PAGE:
I would recomend this to anyone in search of a humorous, challenging read. I would also, recomend this to someone who is interested in cutting edge, stylized short stories (after all 25-30 of them in this collection are very good). Many of the short stories in this collection are written in an unusual manner. For instance, "The Bodygaurd" is compose almost entirely of questions. I'm also of the opinion that those of you who like both Kurt Vonnegut jr. and Thomas Pynchon would find this collection interesting.
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6 of 7 people found the following review helpful
on December 8, 1999
I agree with every word of the previous review, but think we shouldn't overlook Barthelme's cutting wit. His style of often sarcastic and edgy humour is possibly the most intellectually stimulating out there. It's one thing to be creative, but to not only purvey a state of mind-expansion in your reader but make him/her smile or laugh while doing so deserves kudos. "The Baby" and "Porcupines" are perhaps his finest examples in this regard... brilliant. My dinky little review doesn't quite do this man justice, just pick this book up for starters then graduate to the slightly more challenging "60 Stories" when the hooks are planted.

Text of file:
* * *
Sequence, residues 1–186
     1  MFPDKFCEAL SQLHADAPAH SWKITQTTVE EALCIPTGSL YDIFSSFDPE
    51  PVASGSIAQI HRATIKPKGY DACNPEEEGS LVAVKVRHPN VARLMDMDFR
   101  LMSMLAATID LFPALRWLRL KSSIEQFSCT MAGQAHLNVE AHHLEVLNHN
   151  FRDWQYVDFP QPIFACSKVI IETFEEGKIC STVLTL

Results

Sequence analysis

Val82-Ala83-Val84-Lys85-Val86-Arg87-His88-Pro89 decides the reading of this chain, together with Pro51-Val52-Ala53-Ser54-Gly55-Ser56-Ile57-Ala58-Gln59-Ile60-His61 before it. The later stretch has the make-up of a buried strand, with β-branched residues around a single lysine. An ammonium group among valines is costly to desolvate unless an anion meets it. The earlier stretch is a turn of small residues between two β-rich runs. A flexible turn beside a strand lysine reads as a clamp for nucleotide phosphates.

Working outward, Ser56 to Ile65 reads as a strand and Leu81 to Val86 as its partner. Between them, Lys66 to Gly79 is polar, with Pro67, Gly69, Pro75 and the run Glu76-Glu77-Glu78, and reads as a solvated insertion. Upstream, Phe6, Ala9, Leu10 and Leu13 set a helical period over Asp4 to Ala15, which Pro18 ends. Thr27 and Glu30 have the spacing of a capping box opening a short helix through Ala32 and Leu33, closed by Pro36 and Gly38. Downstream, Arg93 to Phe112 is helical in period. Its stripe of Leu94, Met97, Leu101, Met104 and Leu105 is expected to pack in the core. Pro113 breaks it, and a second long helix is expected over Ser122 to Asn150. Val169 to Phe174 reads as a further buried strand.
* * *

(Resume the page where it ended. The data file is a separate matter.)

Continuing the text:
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8 of 11 people found the following review helpful
on May 28, 1999
Bartheleme's work energizes creativity. It is playful in a way that beat writers never achieved. By letting images and thoughts run loose, he inspires creativity in the mind of readers. You do not need to take creative writing classes to learn how to write-you simply have to let your stories come out of what your imagination wants to say. This is the enlightenment that Bartheleme inspires. And reading this collection will vastly improve anyone's writing. It's complex, but never difficult and its effects are always surprising. He was as original and inspiring to writing as Jimmy Hendrix was to music. You will like this book.
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5 of 7 people found the following review helpful
Donald Barthelme is one of the very few masters of the short short story. The only others that come to mind are Saki, Borges, and Franz Kakfa. Few of the stories in this collection extend past three pages. All are marked by the same virtues evident throughout the collection: surreality, inventiveness, enormous humor, a sensitivity to our collective culture. Some have commented on the collection being uneven. Perhaps. But the stories are quite diverse, and I suspect that what some find uneven is actually their diversity, some of them appealing more to one's particular bias more than others.
This is a great collection for shaking up your perception, for making you reconceptualize the short story form. Anyone liking these stories should go on to try some Saki (the author, not the beverage). Although not as surreal as Barthelme, his stories are just as short, just as funny, and just as delightful.
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5 of 7 people found the following review helpful
on August 22, 2005